Boston, MA: Hi Matthew, What type of clothing should I pack for a trip to Vietnam, Cambodia and Thailand in December? Thanks.

Matthew Link: It's always warm in Southeast Asia apart from high mountains, so leave the heavy clothing at home. Cotton and breathable fabrics are always better than synthetics -- although cotton does wrinkle a lot when traveling! December through April is roughly the dry season in that region, although it can still rain a little. December is a good time to go in terms of temperature -- cooler than in the humid summertime. Either way, wearing more clothing (shirt sleeves and long pants) is always more respectful towards the Asian culture, especially when visiting temples and rural areas.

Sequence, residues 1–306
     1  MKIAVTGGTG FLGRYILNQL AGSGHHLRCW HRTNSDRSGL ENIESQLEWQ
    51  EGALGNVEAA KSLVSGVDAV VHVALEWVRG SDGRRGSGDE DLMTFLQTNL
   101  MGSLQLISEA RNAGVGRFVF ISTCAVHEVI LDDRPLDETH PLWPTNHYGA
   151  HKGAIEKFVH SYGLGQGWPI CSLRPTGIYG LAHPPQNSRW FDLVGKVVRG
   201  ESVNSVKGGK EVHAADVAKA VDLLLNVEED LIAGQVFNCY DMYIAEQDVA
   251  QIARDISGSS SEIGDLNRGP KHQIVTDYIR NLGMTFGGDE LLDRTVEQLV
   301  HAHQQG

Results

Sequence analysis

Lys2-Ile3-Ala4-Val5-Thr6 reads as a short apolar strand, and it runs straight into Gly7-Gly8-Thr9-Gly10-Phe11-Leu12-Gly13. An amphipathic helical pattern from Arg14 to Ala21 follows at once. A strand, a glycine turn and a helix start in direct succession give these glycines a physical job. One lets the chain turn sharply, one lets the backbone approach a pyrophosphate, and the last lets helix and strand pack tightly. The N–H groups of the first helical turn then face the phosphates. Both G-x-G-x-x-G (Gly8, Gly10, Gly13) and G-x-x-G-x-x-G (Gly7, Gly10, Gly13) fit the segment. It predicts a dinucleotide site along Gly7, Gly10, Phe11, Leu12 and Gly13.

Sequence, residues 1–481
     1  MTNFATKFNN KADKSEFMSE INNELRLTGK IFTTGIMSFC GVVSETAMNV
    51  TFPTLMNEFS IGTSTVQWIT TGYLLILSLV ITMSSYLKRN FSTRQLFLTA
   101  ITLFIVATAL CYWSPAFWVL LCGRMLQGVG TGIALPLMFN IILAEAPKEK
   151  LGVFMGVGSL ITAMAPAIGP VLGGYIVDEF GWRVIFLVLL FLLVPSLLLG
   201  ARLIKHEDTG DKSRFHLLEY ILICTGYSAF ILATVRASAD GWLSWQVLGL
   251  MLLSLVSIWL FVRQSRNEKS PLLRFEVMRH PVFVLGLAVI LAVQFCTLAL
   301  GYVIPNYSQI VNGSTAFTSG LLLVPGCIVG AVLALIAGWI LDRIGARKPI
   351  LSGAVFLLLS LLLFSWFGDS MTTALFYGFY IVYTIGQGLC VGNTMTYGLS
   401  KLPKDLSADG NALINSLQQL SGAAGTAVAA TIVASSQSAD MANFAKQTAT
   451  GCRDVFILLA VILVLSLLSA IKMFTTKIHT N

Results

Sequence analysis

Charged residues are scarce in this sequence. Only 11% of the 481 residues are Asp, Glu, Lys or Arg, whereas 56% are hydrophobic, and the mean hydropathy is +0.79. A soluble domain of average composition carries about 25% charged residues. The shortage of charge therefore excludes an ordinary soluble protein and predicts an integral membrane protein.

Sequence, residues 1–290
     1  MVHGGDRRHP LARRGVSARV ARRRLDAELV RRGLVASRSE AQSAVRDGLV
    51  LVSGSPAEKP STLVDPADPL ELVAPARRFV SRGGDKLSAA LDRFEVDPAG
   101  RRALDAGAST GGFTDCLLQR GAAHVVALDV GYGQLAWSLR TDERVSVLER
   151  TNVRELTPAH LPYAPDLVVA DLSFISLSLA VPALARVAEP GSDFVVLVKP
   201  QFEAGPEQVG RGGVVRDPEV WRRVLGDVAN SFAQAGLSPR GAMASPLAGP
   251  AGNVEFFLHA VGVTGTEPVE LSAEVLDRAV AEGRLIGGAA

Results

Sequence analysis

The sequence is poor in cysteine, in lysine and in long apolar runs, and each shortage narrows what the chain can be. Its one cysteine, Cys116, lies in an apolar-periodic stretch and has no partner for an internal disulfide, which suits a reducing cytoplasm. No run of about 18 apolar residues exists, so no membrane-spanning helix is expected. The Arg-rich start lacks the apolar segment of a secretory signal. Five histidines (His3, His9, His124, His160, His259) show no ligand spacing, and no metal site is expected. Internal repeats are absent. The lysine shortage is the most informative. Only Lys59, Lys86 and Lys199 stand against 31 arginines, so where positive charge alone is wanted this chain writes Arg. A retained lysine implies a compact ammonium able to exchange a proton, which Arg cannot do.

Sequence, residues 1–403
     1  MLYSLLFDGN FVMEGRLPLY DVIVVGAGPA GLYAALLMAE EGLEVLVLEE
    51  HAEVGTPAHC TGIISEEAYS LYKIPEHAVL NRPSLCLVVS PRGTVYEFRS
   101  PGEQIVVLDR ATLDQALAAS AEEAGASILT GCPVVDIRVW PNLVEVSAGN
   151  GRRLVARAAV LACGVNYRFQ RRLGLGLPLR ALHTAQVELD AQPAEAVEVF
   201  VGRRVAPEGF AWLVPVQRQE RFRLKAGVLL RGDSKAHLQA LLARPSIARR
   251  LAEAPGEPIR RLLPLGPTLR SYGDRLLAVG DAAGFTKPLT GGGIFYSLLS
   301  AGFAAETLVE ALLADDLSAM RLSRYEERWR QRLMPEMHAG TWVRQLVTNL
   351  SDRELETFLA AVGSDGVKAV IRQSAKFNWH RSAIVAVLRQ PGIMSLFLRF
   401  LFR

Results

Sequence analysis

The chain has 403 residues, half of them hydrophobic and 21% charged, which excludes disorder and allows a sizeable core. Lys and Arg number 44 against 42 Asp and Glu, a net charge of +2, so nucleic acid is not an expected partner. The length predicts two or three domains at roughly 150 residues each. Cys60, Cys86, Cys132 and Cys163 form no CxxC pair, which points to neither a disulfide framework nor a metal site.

Ann Arbor, MI: How should bartering be approached in Thailand, Malaysia and Indonesia? As a white-ish male, should I expect to be taken for my money at every turn?

Matthew Link: Southeast Asia is a bartering culture, and it's often expected from shopkeepers, especially in tourist areas. However, in areas filled mainly with locals, prices may not necessarily be jacked up, so it's important to ask around and find out how much things should cost from people like hotel staff and friendly locals before you dive into bargaining.

It's important to have the right attitude when battering. Many Westerners approach it in a "I win you lose" manner. It's good not to ever let the shop keepers lose face. Always be friendly, smiling, mellow when battering -- never abrasive. Battering is nearly a pastime in these countries, and people almost approach it like a game to be played. So relax and enjoy it as a cultural experience. Don't feel bad about bargaining down for items that cost less at home -- being taken for a fool is never honorable. But at the same time stay sensitive to local prices. The store owner may need the two dollars a lot more than you!